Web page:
8 Reasons Why Option Buyers Lose Money
Different types of market participants trade options for various reasons, depending on their goals, capital availability and risk appetite. This blog takes a look at why option buyers tend to keep losing money and how that can be avoided.
Who invests in options
Different types of market participants trade options for various reasons, depending on their goals, capital availability and risk appetite. Individual investors, institutional investors, market makers, speculators, hedgers, employee stock option holders, arbitrageurs, options traders on stock exchanges and risk managers are among the different types of market participants who trade in options. But what baffles most newcomers is why most options buyers lose money. This blog should help clear things up.
What leads to losses while buying options
Like other forms of investments, options trading carries inherent risks and complexities. Traders should have a good understanding of the options market and associated strategies before participating. Also, options trading may not be suitable for all investors. Options buyers can incur losses for several reasons, primarily related to the characteristics and dynamics of options contracts. Here are some common reasons why options buyers lose money:
- Time decay (Theta): Options contracts have a limited lifespan, which ends on the expiration date. As options approach their expiration date, they lose value due to time decay (theta). The closer an option is to expiration, the faster its time value erodes. If the underlying asset's price doesn't move in the desired direction quickly enough, options buyers can suffer losses as the time value diminishes.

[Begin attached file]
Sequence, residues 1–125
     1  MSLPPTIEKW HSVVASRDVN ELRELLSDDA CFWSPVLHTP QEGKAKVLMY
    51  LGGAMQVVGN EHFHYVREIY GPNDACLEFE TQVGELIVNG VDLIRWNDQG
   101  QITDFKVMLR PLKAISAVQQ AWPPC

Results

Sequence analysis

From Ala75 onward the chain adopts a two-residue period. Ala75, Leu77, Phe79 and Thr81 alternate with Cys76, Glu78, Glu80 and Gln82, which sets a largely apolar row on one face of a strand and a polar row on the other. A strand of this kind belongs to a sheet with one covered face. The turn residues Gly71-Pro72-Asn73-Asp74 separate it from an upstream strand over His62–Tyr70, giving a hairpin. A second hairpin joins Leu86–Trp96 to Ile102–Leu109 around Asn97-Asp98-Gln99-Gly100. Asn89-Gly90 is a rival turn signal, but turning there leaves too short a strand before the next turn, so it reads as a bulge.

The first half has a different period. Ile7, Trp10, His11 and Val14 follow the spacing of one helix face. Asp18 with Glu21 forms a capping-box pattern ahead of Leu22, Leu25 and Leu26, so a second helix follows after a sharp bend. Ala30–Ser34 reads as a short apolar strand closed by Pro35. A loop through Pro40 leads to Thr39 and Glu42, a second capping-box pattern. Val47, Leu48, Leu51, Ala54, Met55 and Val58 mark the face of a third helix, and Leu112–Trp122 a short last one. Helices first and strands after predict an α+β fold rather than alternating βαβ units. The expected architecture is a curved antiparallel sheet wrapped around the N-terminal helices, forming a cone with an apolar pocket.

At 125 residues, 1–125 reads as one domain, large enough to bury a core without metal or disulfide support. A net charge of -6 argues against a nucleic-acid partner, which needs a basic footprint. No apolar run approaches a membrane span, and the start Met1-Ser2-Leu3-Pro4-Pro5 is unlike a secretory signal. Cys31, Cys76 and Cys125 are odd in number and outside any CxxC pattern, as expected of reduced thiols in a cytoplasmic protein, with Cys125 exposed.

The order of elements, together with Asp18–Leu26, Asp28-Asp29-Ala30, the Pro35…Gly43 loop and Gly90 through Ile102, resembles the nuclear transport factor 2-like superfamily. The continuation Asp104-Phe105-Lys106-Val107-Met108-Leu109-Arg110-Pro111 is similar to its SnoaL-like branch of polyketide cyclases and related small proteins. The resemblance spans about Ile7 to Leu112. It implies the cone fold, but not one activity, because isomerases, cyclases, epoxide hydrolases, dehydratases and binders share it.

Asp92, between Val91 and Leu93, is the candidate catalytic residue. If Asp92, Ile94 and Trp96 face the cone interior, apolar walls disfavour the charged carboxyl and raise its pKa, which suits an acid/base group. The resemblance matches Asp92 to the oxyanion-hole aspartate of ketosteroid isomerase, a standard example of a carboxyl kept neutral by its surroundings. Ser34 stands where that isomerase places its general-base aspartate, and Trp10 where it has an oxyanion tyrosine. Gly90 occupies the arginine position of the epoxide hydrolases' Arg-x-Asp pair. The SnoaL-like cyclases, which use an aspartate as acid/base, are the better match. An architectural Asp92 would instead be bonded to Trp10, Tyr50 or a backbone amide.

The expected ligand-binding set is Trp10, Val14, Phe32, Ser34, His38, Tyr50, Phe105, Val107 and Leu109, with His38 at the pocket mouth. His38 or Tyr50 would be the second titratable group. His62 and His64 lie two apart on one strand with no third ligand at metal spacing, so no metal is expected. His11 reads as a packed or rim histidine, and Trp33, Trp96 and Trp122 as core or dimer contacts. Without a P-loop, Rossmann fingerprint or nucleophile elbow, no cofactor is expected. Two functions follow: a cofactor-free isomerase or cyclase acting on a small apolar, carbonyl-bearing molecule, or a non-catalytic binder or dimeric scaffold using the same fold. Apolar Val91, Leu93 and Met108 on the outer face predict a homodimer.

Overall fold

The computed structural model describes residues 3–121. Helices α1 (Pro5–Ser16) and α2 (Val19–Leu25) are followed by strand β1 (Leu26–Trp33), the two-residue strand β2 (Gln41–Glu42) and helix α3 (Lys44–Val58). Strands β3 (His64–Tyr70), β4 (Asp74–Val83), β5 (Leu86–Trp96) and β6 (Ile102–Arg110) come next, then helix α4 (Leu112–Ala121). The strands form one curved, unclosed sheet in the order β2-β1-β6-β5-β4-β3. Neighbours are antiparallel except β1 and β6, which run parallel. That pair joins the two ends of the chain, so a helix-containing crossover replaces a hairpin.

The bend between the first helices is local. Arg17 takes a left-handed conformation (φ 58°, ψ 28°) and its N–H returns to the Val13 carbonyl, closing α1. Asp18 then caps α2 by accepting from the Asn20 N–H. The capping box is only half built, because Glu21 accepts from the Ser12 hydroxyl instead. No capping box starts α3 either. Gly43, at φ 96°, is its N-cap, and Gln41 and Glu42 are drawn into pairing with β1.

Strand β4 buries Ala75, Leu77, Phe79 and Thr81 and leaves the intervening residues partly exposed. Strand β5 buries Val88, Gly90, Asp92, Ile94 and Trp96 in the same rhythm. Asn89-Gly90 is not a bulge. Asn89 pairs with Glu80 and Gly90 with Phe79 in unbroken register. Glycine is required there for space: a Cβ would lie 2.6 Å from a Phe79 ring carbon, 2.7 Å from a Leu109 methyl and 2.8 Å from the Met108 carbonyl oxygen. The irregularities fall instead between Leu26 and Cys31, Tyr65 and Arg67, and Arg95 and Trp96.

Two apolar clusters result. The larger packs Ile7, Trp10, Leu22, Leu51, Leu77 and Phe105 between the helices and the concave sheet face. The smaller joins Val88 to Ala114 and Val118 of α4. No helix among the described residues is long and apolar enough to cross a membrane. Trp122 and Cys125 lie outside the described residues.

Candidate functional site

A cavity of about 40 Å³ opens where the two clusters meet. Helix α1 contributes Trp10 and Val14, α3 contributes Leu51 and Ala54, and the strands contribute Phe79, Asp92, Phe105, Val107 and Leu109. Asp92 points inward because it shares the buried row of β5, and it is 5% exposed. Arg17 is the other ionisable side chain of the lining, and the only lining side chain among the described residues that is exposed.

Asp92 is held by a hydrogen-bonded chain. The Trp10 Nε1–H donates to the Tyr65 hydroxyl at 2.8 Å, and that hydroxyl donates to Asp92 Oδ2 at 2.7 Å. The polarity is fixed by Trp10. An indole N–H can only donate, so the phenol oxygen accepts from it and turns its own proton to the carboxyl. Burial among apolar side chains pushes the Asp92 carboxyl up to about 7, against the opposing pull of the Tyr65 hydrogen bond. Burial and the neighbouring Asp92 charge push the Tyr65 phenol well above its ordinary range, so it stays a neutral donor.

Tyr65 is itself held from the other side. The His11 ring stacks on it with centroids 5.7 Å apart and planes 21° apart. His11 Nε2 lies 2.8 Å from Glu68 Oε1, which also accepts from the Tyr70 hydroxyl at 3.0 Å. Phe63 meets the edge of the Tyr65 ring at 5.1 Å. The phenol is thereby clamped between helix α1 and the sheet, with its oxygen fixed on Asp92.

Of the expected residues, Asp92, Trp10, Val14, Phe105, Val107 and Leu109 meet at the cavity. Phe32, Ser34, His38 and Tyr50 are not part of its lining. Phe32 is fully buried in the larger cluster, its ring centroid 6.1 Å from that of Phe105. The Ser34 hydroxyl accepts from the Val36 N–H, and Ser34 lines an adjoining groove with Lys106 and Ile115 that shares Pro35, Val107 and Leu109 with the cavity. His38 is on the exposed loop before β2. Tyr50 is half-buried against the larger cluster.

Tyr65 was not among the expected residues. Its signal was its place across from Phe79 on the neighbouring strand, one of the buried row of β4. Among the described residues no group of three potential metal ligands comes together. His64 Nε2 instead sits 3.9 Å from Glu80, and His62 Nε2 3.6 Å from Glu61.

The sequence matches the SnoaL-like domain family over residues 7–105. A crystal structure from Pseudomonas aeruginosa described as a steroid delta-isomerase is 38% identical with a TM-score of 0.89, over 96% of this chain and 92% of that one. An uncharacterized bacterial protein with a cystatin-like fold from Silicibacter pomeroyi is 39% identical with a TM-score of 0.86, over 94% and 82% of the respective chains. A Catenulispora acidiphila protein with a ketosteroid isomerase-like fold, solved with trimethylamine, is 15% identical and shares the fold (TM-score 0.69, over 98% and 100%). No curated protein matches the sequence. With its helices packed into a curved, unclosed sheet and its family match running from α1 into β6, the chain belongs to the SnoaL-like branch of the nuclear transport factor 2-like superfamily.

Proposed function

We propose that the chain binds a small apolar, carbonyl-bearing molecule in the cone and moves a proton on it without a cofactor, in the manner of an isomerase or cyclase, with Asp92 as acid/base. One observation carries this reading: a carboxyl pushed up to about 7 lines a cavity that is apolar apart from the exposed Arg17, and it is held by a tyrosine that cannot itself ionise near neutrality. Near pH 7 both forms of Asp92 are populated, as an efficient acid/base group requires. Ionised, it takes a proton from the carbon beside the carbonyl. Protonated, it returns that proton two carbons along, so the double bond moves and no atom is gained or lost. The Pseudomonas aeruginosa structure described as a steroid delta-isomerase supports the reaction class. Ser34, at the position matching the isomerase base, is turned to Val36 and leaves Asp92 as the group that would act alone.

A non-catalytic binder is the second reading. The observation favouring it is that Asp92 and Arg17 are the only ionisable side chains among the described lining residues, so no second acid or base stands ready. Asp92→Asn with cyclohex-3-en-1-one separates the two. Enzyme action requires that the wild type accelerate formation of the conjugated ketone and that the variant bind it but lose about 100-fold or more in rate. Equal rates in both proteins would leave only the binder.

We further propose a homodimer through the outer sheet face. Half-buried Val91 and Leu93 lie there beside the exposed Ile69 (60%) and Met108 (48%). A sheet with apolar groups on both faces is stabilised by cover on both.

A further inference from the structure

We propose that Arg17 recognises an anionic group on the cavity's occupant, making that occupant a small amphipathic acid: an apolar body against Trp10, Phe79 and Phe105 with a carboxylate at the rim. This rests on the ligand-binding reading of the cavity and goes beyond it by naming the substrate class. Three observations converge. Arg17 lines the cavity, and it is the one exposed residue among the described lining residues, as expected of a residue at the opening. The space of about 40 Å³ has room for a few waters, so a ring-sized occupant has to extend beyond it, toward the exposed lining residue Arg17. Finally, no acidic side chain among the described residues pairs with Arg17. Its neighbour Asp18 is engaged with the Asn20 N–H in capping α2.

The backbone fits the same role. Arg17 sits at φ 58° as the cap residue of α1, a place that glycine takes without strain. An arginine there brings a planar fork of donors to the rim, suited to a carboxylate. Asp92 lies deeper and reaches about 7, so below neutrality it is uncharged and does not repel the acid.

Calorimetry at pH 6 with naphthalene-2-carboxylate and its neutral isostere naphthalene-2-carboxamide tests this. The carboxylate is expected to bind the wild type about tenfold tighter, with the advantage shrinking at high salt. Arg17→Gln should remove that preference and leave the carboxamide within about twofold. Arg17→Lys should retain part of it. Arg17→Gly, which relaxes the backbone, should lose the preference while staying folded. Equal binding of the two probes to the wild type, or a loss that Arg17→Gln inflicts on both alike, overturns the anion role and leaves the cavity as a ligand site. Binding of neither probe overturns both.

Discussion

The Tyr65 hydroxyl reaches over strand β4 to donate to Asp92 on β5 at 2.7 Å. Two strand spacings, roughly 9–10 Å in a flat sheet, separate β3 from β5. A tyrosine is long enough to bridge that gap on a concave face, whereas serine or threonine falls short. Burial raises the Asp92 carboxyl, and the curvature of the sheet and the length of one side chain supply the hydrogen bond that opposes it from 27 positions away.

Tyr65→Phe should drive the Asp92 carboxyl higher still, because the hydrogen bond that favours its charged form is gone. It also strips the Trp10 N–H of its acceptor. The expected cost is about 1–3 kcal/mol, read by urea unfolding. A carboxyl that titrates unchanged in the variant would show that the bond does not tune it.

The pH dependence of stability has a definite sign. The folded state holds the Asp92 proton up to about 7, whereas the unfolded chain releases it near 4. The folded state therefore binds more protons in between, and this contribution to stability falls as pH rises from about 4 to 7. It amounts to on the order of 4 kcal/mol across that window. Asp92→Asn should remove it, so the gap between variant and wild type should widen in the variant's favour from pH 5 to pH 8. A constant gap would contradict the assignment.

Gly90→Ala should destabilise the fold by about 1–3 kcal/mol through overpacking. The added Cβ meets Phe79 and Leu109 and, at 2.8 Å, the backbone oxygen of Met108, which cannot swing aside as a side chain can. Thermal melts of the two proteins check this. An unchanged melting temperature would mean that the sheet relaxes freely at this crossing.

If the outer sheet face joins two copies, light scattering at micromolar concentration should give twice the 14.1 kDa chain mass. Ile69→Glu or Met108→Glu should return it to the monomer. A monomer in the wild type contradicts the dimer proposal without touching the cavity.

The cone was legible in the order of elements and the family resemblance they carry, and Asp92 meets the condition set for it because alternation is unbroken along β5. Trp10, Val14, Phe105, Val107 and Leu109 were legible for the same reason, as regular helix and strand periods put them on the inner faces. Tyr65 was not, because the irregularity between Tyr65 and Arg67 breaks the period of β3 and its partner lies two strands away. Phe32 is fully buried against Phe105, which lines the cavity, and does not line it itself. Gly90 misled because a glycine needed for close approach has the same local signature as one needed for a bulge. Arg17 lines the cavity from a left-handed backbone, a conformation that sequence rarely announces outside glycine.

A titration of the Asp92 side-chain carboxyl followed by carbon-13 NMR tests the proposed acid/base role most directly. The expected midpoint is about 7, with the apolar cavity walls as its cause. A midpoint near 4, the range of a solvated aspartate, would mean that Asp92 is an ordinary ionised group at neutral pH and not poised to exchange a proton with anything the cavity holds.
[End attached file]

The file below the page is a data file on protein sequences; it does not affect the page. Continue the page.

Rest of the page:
- Lack of price movement (low volatility): Options provide leverage, which means that a small price movement in the underlying asset can lead to significant gains or losses in the option's value. If the underlying asset remains relatively stable or experiences minimal price movements, options buyers may incur losses, particularly if they have paid a premium for the options.
- Not achieving the strike price (out-of-the-money): In the case of options, there are two main types: call options and put options. With a call option, the buyer has the right to purchase the underlying asset when the strike price is achieved, while a put option gives the buyer the right to sell it at the strike price. For options to be profitable, the underlying asset's price must move in the expected direction and cross the strike price (in-the-money). If the price fails to do so, the options may expire worthless.
- Overpaying for options (high premiums): Options premiums can be influenced by factors such as volatility, time to expiration and the distance between the current asset price and the strike price. If options buyers pay a high premium for their contracts, they may need a larger price movement in the underlying asset to offset the premium cost and achieve profitability.
- Transaction costs: Trading options involve transaction costs, including commissions and fees. These costs can eat into potential profits and make it more challenging to achieve profitability, especially for small price movements.